If the optimization problem is feasible, a table containing the optimal set of epitopes will be displayed (Figure 2). For every epitope in the set the following information is given: its fraction of the overall immunogenicity, a list of the MHC alleles it covers and, if antigen information was given, the corresponding antigens. The user can switch to a more detailed results table, which contains additional information on epitope conservation and immunogenicities. Information on the size of the selected set, the number of covered alleles and on the number of covered antigens, if applicable, is displayed above the table. Furthermore, the coverage of each of the given MHC loci and the corresponding population coverage are given. (If locus A has a coverage of 75%, the probability of an individual from the target population carrying a covered allele at locus A is 75%. A population coverage of 80% corresponds to a probability of 80% for an individual from the target population to carry at least one of the covered alleles.) The results can be downloaded. A choice of two file formats is given: XLS (MS Excel) and CSV (comma separated values). For typical problem sizes, OptiTope finds an optimal set of peptides within seconds. Nevertheless, the user can choose to be notified of the completion of the request via e-mail.
If the optimization problem is infeasible, meaning that no set of epitopes from the given antigenic sequences fulfills all requirements, a basic analysis of the problem is performed. Based on this analysis, OptiTope suggests constraint modifications that might result in a feasible problem. If the basic analysis does not yield a possible explanation for the infeasibility, OptiTope will suggest to deselect individual constraints or to increase the number of epitopes to be selected.
In order to demonstrate the performance of OptiTope, we used it to select epitopes suitable for a hepatitis C virus (HCV) vaccine for the European population. An HCV dataset from (4) was utilized as antigenic sequence input. It consists of 10 MSAs corresponding to 10 different HCV proteins from four different strains, totaling in 4054 antigenic sequences. (This dataset is provided as an example dataset on the web server.) Default settings were used, i.e. immunogenicity prediction using BIMAS, a minimum conservation of 20%, coverage of at least 5 out of 10 antigens and of at least 10 out of 19 alleles. Within a few seconds, OptiTope returns a set of 10 epitopes covering 5 antigens and 10 alleles, yielding a locus coverage of ∼54% for locus A, ∼20% for locus B and ∼35% for locus C. The corresponding population coverage is 94.28%. Three of these epitopes are known HCV epitopes and can be found in the Immune Epitope Database (IEDB, release 2008_4_1_3_28) (17). Another three epitopes are contained in known longer epitopes. Increasing allele coverage to 19, i.e. 100%, increases locus coverage for locus A to ∼79% and to ∼56% for locus B. Population coverage is increased to 99.63% (Figure 2). The selected set of epitopes includes five known HCV epitopes and another two epitopes contained in known longer epitopes. Again, this set of epitopes is found within a few seconds.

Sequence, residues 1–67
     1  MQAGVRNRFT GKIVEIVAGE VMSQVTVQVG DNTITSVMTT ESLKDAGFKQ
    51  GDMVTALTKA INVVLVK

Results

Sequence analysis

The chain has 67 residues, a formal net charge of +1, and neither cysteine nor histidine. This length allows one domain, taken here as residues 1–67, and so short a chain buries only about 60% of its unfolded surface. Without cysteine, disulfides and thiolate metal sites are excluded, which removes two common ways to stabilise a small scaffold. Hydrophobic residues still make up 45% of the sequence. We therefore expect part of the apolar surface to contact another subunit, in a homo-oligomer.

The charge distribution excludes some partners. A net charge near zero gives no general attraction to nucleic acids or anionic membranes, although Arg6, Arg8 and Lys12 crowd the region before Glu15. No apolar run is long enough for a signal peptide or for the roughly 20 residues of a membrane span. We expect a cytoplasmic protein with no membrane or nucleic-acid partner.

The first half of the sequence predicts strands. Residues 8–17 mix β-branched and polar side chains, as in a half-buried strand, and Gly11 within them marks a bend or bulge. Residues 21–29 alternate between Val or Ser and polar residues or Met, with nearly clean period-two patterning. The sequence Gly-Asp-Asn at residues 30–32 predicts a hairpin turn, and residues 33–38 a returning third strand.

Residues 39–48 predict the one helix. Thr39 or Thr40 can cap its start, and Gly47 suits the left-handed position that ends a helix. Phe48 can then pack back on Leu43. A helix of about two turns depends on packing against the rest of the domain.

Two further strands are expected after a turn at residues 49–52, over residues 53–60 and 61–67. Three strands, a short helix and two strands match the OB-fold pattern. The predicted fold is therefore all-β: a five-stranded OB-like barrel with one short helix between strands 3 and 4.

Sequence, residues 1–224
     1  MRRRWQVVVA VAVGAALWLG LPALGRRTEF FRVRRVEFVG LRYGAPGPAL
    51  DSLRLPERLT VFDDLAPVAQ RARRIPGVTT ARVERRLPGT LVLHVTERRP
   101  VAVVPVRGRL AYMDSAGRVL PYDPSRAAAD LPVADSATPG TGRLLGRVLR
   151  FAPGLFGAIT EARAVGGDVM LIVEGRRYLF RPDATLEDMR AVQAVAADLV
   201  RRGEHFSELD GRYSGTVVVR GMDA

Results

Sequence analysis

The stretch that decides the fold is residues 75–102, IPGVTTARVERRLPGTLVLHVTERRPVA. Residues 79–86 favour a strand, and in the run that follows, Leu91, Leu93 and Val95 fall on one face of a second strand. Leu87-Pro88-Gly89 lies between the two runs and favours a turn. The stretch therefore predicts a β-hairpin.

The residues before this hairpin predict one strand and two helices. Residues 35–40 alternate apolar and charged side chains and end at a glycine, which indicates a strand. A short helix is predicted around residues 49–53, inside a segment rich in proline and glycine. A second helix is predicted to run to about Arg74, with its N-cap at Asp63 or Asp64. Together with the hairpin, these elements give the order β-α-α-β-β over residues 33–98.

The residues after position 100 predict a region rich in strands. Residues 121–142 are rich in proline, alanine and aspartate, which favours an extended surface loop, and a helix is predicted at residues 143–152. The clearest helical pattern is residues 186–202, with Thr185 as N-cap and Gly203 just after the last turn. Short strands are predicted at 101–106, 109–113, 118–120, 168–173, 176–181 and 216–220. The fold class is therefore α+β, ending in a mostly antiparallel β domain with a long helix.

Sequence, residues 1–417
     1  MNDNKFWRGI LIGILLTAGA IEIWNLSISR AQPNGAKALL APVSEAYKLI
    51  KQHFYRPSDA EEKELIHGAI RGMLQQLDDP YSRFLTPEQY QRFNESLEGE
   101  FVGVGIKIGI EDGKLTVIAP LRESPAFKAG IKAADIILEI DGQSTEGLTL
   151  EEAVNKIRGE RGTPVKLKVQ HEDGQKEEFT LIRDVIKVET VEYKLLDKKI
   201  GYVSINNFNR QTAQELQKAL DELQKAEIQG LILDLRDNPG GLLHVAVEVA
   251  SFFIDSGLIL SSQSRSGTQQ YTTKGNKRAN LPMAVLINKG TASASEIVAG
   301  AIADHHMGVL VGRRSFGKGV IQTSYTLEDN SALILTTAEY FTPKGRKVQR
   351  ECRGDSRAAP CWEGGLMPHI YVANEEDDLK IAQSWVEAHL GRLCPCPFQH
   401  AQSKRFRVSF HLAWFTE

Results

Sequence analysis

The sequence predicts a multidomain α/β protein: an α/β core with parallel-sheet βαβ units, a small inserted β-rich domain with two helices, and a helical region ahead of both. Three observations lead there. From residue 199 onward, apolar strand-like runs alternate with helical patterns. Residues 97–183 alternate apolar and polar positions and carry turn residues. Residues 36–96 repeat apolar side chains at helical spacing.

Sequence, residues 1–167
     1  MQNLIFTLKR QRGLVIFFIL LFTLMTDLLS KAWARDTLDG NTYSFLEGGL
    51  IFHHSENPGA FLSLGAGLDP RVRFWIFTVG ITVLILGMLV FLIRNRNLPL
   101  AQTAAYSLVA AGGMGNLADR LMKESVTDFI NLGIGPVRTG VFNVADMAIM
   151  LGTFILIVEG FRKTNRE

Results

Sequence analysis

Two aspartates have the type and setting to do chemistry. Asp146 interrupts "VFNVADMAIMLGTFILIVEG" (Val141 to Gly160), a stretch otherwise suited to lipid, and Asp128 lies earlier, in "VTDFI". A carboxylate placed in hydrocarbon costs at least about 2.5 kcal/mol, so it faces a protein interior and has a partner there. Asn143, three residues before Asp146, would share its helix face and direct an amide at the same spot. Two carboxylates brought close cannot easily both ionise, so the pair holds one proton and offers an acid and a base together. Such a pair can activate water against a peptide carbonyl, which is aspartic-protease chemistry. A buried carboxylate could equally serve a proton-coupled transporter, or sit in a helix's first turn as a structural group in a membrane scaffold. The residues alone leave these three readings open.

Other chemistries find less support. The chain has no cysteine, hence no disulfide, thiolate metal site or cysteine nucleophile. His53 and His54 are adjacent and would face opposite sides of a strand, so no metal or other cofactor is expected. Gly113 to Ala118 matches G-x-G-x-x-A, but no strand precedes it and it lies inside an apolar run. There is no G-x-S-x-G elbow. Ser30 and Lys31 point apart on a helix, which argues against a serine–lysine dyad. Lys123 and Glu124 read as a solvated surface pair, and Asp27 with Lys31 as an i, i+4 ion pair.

With OptiTope, we provide an easy-to-use tool that assists immunologists in designing EVs. Given a set of antigenic sequences of interest, a target population and special requirements of the user, OptiTope efficiently determines an optimal set of epitopes. To our knowledge, OptiTope is the first web-based approach for optimal vaccine design.
Currently, OptiTope only offers immunogenicity predictions for MHC class I, i.e. the only way to include MHC class II in the selection process is via the third input type: a table of epitopes and their immunogenicities with respect to specific MHC alleles. We plan to add MHC class II predictions and further MHC class I prediction methods in the future. A refinement of the analysis of infeasible problems in order to provide the user with more detailed information is also intended. Furthermore, we will enhance the results page by linking selected epitopes that can be found in the IEDB (17) to the corresponding IEDB site.
Due to the lack of a more sophisticated model of immunogenicity, OptiTope is forced to employ a commonly used additive model as well as prediction methods for MHC binding instead of immunogenicity. However, this does not pose fundamental limitations to the method.
Deutsche Forschungsgemeinschaft (SFB 685/B1). Funding to open access charge: Deutsche Forschungsgemeinschaft (SFB 685/B1).
Conflict of interest statement. None declared.
The authors wish to thank Sebastian Briesemeister and Magdalena Feldhahn for valuable comments on the design of this web site.